Long before I joined MapR, I became a little obsessed with big data use cases. At first, it was born out of intellectual curiosity. The Hadoop ecosystem had been anointed as "the next big thing", but early on it was hard to see how big data technology was going to cross the chasm to become an enterprise mainstream technology. Then, as I began working in big data as my day job, it become more a practical matter and was the answer to the second most common question people have of big data:
1. What is big data?
2. Why should I care?
Use cases are the reason people care about big data. After documenting more than 150 separate use cases (so far) by MapR customers, I think I can shed a little light on the subject.
What has become clear after months of research on our customers is that their is a progression of increasing sophistication and creativity that follows an early success with Hadoop and the MapR Converged Data Platform. Those early successes are typically the result of experimenting with more basic use cases like a data warehouse offload, or a data lake, or perhaps analyzing data from application logs or system logs. These are akin to the "hello world" applications that novice programmers used to start with in that they establish a basis of understanding of ingesting, persisting and querying data in a Hadoop system.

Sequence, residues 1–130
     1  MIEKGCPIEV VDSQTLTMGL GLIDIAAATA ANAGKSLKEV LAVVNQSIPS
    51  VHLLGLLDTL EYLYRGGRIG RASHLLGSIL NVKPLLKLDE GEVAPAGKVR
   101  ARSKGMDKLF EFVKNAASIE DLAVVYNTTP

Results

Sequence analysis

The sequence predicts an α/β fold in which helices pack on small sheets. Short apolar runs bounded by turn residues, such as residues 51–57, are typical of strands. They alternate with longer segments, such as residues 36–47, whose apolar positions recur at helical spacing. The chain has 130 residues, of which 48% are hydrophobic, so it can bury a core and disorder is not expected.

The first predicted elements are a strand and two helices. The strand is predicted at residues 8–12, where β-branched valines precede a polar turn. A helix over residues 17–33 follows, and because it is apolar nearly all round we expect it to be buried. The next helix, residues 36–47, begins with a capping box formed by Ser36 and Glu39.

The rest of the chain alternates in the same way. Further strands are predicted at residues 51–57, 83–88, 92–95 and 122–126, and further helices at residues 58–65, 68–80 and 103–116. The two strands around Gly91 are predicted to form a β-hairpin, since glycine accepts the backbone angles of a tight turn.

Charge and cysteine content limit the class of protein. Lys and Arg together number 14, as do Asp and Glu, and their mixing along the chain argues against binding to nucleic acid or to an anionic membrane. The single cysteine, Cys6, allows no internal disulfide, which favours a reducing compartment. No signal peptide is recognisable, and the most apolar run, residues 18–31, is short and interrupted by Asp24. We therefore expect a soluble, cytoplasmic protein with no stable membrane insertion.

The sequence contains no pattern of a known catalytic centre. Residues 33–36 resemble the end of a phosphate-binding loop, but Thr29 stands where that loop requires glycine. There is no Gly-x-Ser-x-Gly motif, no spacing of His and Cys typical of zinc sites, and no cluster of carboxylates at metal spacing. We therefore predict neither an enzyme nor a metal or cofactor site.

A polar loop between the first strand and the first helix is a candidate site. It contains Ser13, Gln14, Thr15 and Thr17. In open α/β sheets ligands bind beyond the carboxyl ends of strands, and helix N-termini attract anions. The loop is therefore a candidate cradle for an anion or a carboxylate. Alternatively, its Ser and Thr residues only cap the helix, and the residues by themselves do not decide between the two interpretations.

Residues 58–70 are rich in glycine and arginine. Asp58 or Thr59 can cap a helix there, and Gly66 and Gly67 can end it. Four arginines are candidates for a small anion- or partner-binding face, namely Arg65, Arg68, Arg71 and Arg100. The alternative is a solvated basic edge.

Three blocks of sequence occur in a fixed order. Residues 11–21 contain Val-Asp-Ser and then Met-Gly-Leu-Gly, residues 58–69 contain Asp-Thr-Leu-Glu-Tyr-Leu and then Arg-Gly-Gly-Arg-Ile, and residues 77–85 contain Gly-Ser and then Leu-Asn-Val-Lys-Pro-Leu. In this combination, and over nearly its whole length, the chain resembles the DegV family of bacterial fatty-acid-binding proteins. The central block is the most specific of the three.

From this basis, many customers go on to expand the current state of their BI and analytics capabilities with the introduction of the many new and exciting tools that are now being used in mature big data shops. Roughly speaking, in the graphic above, the early stages are about knowing: updating the state of knowing by using larger data sets.
As our customers get more sophisticated with their use cases, some interesting things happen:
- Scientitic Rigor: They invest data engineering and data science (either adding headcount or engaging MapR data scientists)
- Operational Changes: They begin to develop use cases that change internal processes
- Industry Focus: Their use cases get closer to their core differentiation (and are thus more focused on their industry)
In short, they are evolving their perspective of their data from reporting on past events (ie rearview mirror analytics) to changing their business tactics (predictive analytics) and achieving operational agility. In other words, changing the role of data from a standpoint of knowing, to one of doing.